The fact that larger, urban areas lean to the political “left” shouldn’t surprise anyone. But the degree to which certain Texas cities do may shock some, as published in a recent article by the Economist.
In Texas, the most realtively conservative (or least liberal) city over 250,000 in population was Arlington, Texas. Interestingly, Arlington has implemented several inept policies such as “traffic-calming zones”, “park and ride” carpool lots, useless bike lanes and plans to subsidize high-speed rail.
Fort Worth, Corpus Christi and San Antonio ranked farther left than Arlington.
Taxpayers would be wise to remember that Fort Worth is one of many local entities in Tarrant County (Texas’ most politically conservative area) to partner with the ethically suspect TRWD and the federal government on the Trinity River Vision Project, a billion dollar economic-development boondoggle.
San Antonio has also had problems with local scandals, including the push for light-rail in the face of repeated voter opposition and several fiscal belly flops that we’ve previously covered. As a reward, their former Mayor, Julian Castro, was recruited to work for the Obama administration.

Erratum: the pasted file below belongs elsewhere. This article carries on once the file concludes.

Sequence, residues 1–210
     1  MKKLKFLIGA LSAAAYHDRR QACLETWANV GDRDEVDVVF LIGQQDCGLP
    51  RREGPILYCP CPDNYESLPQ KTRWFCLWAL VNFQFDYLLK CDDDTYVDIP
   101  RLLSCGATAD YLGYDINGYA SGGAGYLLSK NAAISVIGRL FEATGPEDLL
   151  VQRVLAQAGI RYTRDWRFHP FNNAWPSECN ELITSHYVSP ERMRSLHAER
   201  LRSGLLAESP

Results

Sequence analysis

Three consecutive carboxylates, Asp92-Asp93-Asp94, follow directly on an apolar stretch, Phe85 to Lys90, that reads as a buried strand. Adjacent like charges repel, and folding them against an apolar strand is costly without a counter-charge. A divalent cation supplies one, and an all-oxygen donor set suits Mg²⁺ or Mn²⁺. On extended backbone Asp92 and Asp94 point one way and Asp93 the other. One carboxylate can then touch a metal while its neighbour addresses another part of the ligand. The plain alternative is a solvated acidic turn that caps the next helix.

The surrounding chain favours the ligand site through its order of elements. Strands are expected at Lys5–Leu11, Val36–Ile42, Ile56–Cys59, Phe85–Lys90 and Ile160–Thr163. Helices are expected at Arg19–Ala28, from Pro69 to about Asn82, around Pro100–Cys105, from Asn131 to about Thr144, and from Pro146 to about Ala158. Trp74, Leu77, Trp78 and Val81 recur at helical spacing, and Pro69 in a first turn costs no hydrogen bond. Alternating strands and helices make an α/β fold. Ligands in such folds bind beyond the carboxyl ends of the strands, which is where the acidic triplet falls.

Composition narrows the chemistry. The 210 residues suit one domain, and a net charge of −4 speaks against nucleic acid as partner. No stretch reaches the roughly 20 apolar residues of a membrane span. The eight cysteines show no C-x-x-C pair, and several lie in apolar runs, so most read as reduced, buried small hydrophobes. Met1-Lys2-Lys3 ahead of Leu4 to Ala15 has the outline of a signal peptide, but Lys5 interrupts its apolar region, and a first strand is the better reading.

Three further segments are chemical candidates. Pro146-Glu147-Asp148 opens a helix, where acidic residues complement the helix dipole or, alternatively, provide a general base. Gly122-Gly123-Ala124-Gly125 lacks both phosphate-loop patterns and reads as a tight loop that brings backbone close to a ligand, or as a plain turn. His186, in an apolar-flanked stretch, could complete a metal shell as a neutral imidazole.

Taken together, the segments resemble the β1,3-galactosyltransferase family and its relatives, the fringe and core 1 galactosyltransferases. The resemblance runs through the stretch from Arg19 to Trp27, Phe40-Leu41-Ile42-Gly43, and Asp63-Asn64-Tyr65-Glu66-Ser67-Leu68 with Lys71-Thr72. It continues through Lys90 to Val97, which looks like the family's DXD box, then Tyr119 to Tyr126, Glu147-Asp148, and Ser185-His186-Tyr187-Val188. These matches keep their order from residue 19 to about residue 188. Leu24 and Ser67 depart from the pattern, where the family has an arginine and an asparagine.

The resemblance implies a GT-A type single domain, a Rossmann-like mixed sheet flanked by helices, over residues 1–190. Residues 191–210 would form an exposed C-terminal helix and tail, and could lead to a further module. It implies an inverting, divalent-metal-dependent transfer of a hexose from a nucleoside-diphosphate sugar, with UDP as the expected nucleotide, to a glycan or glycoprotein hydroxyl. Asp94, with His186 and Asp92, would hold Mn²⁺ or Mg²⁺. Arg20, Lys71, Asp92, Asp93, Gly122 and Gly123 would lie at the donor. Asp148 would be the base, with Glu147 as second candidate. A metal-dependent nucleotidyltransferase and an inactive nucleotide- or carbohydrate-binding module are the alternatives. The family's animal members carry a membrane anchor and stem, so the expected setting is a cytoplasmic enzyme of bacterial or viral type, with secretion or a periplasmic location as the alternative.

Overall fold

Dallas also leans decisively to the left, with Austin ranking as the most liberal in the state. It’s no surprise that Dallas voters elected left-leaning Mayor, Mike Rawlings, whose progressive underpinnings were allegedly made more apparent at this years U.S. Conference of Mayors, according to several colleagues in attendance.
What’s most troubling about the study is that, even though several of Texas’ largest cities were “less left” than many in other states, they weren’t very far to the right (or the center) of the index.
Stated differently, Texas cities were farther to the left than they were to the right, indicating a general liberal bias.
To be fair, many of the items the study used to poll residents centered on issues that researchers naturally associate with liberal agendas such as energy, the environment and conservation. In other words, residents who are sympathetic to these issues may not necessarily hold them at the expense of fiscal issues typically associated with “the right”.
Nonetheless, this arguably flawed study still found the most liberal cities in America to be San Francisco, Washington D.C., and Seattle.
It’s findings, combined with other local policy trends we’ve identified across Texas, suggest that conservatives need to do a much better job of ensuring that their local officials’ conservative rhetoric is followed by tangible policy reforms.
If it can’t be done in Texas, what hope does the rest of the nation have?